Guided Trips

FISHING REPORT AND SYNOPSIS: 12/3/2019

Winter fishing is nearly upon us. Snow yesterday has given way to falling water temperatures in the Smokies. In general, fish will be hunkered down, although by tomorrow they should start to get more active again as temperatures warm. For the next three months, expect many more fish in the slower places in the Park. Think nymphs and maybe streamers but don't be surprised to find fish rising to blue-winged olives or midges on some days.

On tailwaters like the Clinch, brown trout and some fall spawn rainbows are doing their thing. This is a good time to review good ethics when it comes to spawning trout. Remember that these are the next generation of trout and the best thing you can do is to leave them alone. Avoid wading through spawning areas and don't fish for obvious spawners. For the foreseeable future, we should have high water thanks to big rains this last weekend. Fishing out of the drift boat will be very good through the winter with both nymphing and streamer fishing a distinct possibility. Want to swing for the fences and go for just one monster? Streamers will just get better and better going into January and February.

The Caney is slowly coming around. A few shad are coming through the dam, but lingering water quality problems are limiting the fishing. Winter streamer floats will produce shots at larger brown trout for anglers willing to work hard. Next spring should bring good fishing again.

Winter is our favorite time to get on the musky streams. In between bouts of high water, those will be fishing well for the next few months.

Photo of the Month: Big Fish Chuck Strikes Again

Photo of the Month: Big Fish Chuck Strikes Again

Thursday, July 02, 2009

Onward to the Gunnison


Colorado 2009 was really about catching big fish on big bugs. My buddy Trevor and I were hoping to hit the Salmonfly hatch on the Gunnison River and also fish the Cicada hatch on the Green. The weather conspired against us to cause some trouble in reaching our goals but not entirely. We got tired of the cold and wet weather that seemed to be the norm on the Taylor and decided to head west in search of clearer skies.

Last year was a banner year on the Gunnison with lots of good fish caught and some monsters hooked and lost. We were hoping for a repeat performance as we rolled into the Black Canyon at East Portal. There is a pleasant campground there that we really like staying at. The main problem with the campground are the hordes of mice that will find their way just about anywhere, including into your car, in search of food. Despite the mice, we were excited to get started so as soon as we arrived, the fly rods came out and we headed down to the river.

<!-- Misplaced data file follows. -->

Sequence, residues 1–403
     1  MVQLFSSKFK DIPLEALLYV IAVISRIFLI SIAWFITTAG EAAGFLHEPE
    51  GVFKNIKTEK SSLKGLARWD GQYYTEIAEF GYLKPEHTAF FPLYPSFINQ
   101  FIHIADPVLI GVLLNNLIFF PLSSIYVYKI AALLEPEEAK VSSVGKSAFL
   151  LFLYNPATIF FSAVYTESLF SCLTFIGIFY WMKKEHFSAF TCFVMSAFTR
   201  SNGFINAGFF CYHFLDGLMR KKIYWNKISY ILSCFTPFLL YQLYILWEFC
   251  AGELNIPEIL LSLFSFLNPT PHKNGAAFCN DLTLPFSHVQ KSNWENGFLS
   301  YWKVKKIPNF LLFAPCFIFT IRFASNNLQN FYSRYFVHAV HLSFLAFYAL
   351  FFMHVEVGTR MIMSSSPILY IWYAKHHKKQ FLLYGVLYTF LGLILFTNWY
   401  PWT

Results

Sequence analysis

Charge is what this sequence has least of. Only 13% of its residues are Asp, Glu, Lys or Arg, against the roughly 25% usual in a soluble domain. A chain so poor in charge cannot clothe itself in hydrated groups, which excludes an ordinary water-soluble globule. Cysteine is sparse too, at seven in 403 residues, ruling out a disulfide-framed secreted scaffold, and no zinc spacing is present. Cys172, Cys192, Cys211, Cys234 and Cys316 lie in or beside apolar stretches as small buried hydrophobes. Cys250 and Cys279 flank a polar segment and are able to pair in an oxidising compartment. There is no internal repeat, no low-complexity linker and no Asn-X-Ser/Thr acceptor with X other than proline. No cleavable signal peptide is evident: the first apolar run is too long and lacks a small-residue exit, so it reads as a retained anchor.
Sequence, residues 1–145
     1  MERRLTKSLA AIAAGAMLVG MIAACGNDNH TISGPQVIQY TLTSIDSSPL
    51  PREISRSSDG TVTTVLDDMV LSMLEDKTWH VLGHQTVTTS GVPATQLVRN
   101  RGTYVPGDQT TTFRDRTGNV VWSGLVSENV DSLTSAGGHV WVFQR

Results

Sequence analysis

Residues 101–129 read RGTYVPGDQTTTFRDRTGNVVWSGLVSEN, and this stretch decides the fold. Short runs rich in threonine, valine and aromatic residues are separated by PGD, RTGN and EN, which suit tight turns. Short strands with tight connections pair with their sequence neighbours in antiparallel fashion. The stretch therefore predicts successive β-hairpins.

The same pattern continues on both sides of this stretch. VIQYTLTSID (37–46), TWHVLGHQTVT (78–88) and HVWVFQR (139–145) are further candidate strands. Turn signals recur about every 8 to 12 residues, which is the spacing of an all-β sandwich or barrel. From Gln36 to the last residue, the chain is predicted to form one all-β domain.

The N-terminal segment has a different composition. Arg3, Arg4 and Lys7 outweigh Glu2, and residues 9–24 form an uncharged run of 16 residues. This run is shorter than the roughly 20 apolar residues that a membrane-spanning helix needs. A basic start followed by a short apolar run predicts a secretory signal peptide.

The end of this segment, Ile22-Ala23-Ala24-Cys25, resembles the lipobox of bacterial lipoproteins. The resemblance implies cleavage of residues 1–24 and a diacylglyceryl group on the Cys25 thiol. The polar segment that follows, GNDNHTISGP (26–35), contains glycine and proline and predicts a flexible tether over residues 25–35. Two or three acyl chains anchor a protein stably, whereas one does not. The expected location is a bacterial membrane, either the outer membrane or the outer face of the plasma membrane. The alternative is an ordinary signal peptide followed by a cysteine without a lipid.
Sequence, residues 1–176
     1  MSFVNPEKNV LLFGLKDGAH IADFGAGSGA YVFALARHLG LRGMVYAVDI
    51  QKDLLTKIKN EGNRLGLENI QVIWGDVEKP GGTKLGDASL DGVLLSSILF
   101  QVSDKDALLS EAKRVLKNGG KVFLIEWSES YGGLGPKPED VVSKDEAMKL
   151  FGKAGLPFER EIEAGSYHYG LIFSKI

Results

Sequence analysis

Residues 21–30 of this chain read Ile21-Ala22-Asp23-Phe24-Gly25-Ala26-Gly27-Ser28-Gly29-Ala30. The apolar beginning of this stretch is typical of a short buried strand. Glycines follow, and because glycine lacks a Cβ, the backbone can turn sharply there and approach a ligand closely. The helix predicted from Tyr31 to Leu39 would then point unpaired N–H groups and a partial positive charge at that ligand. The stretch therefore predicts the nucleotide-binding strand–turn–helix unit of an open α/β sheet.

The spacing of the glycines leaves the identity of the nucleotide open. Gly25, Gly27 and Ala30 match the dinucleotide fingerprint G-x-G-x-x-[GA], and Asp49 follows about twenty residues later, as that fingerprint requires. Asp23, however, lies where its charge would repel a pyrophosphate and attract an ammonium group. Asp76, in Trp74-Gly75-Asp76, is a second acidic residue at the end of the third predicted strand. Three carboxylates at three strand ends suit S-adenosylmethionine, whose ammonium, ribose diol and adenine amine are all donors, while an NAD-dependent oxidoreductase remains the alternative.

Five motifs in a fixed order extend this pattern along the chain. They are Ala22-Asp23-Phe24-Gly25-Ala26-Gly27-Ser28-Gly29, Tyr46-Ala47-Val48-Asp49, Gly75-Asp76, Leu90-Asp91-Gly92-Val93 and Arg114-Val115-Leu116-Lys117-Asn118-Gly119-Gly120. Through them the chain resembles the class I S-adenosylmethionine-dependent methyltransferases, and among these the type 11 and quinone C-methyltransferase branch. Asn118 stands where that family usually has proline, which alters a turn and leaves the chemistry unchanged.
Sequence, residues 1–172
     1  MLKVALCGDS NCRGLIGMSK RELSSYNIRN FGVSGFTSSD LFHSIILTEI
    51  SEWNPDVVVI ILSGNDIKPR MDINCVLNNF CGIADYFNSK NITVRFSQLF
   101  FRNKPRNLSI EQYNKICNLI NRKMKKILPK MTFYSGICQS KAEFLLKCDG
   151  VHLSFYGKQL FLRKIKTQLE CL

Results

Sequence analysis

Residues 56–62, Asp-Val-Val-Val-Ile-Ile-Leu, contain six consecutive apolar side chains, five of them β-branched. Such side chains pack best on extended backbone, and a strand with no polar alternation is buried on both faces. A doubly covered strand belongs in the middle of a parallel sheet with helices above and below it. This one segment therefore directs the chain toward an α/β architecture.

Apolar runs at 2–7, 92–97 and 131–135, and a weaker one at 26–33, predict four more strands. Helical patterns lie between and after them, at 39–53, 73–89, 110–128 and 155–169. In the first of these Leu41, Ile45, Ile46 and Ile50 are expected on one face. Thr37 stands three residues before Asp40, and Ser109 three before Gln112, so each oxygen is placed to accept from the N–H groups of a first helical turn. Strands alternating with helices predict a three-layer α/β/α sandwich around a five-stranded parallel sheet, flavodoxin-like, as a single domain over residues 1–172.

The biggest difference between this year and last was the water level. Last year the river was at around 1000 cfs and quite easy to fish. This year, an unusually wet June had the Bureau of Reclamation constantly altering releases from the dams across the Rocky Mountain states, and the Gunnison was no exception. When we arrived, Crystal Dam was releasing over 3000 cfs and the difference was definitely obvious. The water was much cooler so the fish were not as active. We fished for a good 20 or 30 minutes before I finally hooked up on a red midge larva. A nice chunky brown finally came to the net, and my buddy Trevor took a picture of the first Gunnison River trout of the trip. We moved slowly down the river and got into a few more fish. The fishing was not on fire, but it was not terrible either. All of the fish were in great shape and athletic, ripping line at will.


After catching several fish each we finally decided to call it an evening. Our hopes were high for the next day and we went to bed thinking about swarms of bird-sized insects and fish crashing the surface for the huge morsels...


1 comment:

  1. See thats enough to put me off the cold weather, but wow that one that you got there, is just stunning what coloring it has.

    ReplyDelete

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